Although the tales could easily be read individually, reading from front to back allowed for deeper characterisation and story development with some of the authors regular characters. Each story was well rounded and they varied in size, so occasionally if I only had a spare 5 minutes I could digest a smaller story and other times I would read one of the larger ones. I enjoyed the humour in the stories and I related to the collision of culture presented. The only thing I wasn’t a fan of was how simple the language was and occasionally the amount of dialogue was unnecessary and didn’t add anything to the story.

I’d recommend it to those who don’t always have a lot of time to read, teenagers to adults and those who have either a connection to Romania or an interest in travel and culture.

I would give this 7/10

Dr C Mullins, Teacher of Science

Recently, I have read: Enduring Love – Ian McEwan

Most gripping start of a book I’ve experienced in a long time, bringing to mind all the cliches of ‘page-turner’, ‘couldn’t put it down’, etc. It even holds your attention away from a sunny beach scenery whilst on holiday.

The scientific wording detaches you from the action somewhat and feels at odds to the highly emotive situations they are describing but, somewhat confusingly, as a scientist, this made me feel comfortable at the same time.

He was excellent at drawing out the negative traits of the protagonist but concurrently allowing you to empathise – as well as any Russian novelist I’ve read.

Overall, a gripping yet thoughtful read.

Ms A Connolly, Teacher of MFL

The book that I would like to talk about is called “You will not have my hatred” by Antoine Leiris. Antoine Leiris lost his wife in the terrorist attack at the Bataclan in Paris in 2015 and this book is the story of his grief and of bringing up their baby son alone in the aftermath of the event.

I have smiled many times reading this story as he portrays very candidly his personal journey through the mundanity of everyday life but the poetic and so emotional way in which he describes his pain and his longing for his loved one have also brought many tears to my eyes.

It makes difficult reading at times and is not for the faint hearted but it is a defiant but quietly understated message to terrorism and extremism symbolised through the simple existence of the little boy and I believe that the book is open to a large audience from a wide variety of backgrounds.

I hope you enjoy this book as much as I did and I would give it 9/10!!!.

Miss Sauer, Teacher of English

I have just read: Far from the Tree: Parents, Children, and the Search for Identity by Andrew Solomon

This was a fascinating exploration of the gap and overlap between illness/disability and identity. I don’t usually read non-fiction in books, preferring instead to listen through podcasts, but this was well worth the ride! Andrew Solomon considers the relationship between parents and their children, theorising that many well-intentioned parents see keeping their children safe as making sure their children are like them. Starting with his dyslexic childhood and later his coming out as gay, he questions the benefits and costs of seeing a child’s differences as illness rather than identity. I found it fascinating to read the wealth of case studies he collects through 500 interviews, from deafness to transgenderism, from dwarfism to autism, and to consider a powerful question of what we should seek to ‘fix’ in our children and what we should embrace and celebrate instead. I learnt a lot about the experiences of children from many marginalised groups and the parents that love them; I was left wondering if we truly do see the value in difference. I would really recommend this to anyone who is interested in voices that are not often amplified and experiences that are complicated. A nuanced and informative read with lots of food for thought!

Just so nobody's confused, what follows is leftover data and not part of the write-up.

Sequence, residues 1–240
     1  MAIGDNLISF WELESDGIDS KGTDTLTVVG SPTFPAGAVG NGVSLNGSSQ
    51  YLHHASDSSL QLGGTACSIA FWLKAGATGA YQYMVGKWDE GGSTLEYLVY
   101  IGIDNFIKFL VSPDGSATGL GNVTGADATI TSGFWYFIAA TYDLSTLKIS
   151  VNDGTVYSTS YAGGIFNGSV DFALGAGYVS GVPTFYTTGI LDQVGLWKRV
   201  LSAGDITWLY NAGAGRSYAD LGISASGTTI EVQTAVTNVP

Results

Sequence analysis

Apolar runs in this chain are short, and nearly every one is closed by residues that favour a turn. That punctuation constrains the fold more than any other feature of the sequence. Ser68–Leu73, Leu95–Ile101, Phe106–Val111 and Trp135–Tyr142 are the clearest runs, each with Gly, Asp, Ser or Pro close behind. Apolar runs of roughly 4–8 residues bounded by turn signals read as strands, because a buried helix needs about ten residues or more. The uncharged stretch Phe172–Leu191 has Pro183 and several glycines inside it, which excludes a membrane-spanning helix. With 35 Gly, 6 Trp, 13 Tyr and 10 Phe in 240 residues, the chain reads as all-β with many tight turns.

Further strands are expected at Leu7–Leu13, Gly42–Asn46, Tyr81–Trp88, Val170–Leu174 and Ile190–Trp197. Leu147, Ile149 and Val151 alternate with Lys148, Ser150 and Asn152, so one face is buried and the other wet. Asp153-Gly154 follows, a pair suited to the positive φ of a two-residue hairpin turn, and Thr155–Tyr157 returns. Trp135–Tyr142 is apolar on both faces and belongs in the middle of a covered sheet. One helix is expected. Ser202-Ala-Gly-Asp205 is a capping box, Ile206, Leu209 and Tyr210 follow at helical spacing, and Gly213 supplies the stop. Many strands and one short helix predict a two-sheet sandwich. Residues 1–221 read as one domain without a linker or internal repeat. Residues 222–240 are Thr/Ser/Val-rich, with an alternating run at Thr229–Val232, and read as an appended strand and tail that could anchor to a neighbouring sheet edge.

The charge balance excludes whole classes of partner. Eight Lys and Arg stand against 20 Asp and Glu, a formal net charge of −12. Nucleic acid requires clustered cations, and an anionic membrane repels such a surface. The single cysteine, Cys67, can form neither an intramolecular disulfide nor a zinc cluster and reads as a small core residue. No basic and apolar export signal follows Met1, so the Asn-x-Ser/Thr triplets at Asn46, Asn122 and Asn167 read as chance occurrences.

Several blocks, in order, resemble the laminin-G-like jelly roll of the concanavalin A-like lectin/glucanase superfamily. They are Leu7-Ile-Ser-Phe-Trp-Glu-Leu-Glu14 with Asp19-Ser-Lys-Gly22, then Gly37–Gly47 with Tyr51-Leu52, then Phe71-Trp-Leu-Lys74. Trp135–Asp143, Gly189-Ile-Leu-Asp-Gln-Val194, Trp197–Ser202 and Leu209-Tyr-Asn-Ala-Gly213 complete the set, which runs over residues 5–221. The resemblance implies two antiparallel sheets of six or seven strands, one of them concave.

Miss Mawson, Teacher of Maths

I have just read: Heroes, by Stephen Fry

This book is a modern re-telling of some of the famous Greek myths and legends, such as The Minotaur, Icarus who flew too close to the Sun, Pegasus, the slaying of Medusa, the twelve labours of Hercules, Oedipus and the issues he had with his mother, and Jason and the Argonauts and their quest for the Golden Fleece. A lot of the stories involve someone failing to pay their respect to one of the gods, who get their revenge! Zeus is king of the Gods and is always making his sister/wife Hera jealous by cheating on her with all sorts of creatures – but Hera is crafty and has a quick temper; she always gets her own back.

I found it really interesting because not only were the stories exciting and funny, but I was also able to learn a lot about Ancient Greece, and how they have shaped our culture and language today. For example, a lot of words we use today are named after ancient kings, heroes and Gods (planets, creatures, places etc.).

The book blurs fact and fiction in an unusual way. Some of the places, characters and events have historical evidence, and some things that happen are clearly totally fictional, but it’s never clear exactly where that line lies. It’s up to you as the reader to decide what you want to believe!

The book is the second in a series. The first book is called “Mythos”, which explores the age of the Titans, and the birth of the Gods. It shows how humans were brought to life and tells how the god Prometheus made the dangerous mistake of giving the humans fire and allowing them to build lives of their own. Zeus punished him for this! This second book, Heroes, explores the Golden Age when

Gods and men lived alongside each other. It is hinted that Stephen Fry may write a third book telling the story of Helen of Troy and the Trojan War, but I will have to wait and see!